Some pubs, bars, cafes and restaurants in Wales will be able to reopen outdoors from 13 July, under new Welsh Government plans.
Venues will be able to open in spaces they own and have licences for – as long as coronavirus cases continue to fall.
But indoor services will remain closed for now, despite industry pressure.
Wales is the only part of the UK without a restart date for indoor hospitality.
A group of restaurant owners has warned thousands of jobs are at risk in the sector in Wales.
More details on the reopening plans are expected at Thursday’s Welsh Government press conference.
A Welsh Government spokesman said the first phase will see the reopening of outdoor spaces owned by businesses, subject to existing licenses, “if conditions continue to be favourable and subject to the outcome of next week’s review of the regulations”.
Ministers will consider the reopening of “indoor services” later, the spokesman added, “depending on the success of outdoor opening; the ongoing coronavirus situation in Wales and other measures businesses put in place to reduce the risk of transmission, such as pre-booking, table service only, and even the use of apps”.
The move will come a week after the planned end of Wales’ travel restrictions – due to happen on Monday, 6 July – and on the same day self-contained tourist accommodation can start taking bookings.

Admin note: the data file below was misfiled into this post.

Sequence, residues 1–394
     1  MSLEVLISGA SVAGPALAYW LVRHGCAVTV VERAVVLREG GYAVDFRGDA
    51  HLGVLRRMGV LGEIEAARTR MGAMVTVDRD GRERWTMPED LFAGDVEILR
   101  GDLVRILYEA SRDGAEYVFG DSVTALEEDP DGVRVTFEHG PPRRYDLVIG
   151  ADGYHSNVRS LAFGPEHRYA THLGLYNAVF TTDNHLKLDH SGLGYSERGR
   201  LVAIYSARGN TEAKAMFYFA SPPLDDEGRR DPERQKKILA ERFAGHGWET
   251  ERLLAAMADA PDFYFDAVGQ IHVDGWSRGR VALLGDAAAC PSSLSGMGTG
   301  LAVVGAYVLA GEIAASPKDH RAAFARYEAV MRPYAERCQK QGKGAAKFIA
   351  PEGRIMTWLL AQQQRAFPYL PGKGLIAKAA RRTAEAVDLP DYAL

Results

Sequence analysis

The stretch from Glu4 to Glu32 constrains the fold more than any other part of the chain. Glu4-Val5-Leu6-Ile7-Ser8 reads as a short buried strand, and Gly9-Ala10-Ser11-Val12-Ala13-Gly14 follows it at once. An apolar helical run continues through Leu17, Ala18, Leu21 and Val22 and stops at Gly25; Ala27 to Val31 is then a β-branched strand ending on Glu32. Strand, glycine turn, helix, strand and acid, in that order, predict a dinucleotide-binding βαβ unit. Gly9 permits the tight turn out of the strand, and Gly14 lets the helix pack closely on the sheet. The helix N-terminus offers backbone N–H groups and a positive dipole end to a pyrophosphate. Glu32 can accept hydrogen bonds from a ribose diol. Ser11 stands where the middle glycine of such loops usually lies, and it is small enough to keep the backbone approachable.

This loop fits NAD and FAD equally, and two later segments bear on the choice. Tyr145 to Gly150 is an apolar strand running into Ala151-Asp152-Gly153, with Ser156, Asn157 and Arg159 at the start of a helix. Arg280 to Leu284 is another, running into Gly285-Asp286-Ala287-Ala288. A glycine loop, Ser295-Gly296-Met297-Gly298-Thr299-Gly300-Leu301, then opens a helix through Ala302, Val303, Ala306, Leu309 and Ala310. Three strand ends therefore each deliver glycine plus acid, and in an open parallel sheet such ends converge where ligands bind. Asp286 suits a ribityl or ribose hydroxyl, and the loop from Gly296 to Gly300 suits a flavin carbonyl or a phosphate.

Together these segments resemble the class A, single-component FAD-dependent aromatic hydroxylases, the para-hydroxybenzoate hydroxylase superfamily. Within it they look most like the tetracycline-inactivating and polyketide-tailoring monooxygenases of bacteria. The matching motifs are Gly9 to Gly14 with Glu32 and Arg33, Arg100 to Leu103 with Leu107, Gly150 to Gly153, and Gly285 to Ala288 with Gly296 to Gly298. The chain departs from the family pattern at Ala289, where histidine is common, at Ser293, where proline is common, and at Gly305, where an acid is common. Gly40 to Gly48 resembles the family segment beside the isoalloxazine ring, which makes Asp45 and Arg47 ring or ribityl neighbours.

What is happening elsewhere in the UK?
The hospitality industry was closed across the UK on 20 March before the coronavirus lockdown fully came into effect.
Restrictions in England include changes to shift patterns, mandatory table service and more use of hand sanitiser.
In Scotland, beer gardens and outdoor restaurants can reopen from 6 July. Pubs and restaurants will be allowed to use indoor areas from 15 July.
One metre social distancing ‘looked at’
There have been calls for the 2m (over 6ft) social distancing rule in Wales to be reviewed.
Leaked minutes of a meeting between Welsh Government and council officials show the government is “looking at” allowing 1m (just over 3ft) social distancing for outdoor hospitality.
Officials had considered three dates for reopening, according to the minutes, seen by BBC Wales – 6 July and 17 July were also examined.
Other measures considered include:
- Businesses being able to apply for licences to put out furniture and serve on the pavement
- Play areas in pubs remaining closed
Concerns have also been raised over pubs and restaurants in residential areas, with more security and CCTV needed.
Plaid Cymru economy spokeswoman Helen Mary Jones, economy spokeswoman, said a timetable should have been given earlier.
“Giving the sector less than three weeks to prepare for re-opening shows how problematic the Welsh Government’s current ad-hoc approach is to easing restrictions,” she said.
“Now the government needs to work with local authorities to urgently overcome the planning and licensing challenges that need to be addressed to enable spaces to be created in our towns and villages to increase the space available for outside opening, and work with the sector on a timetabled plan for indoor opening.”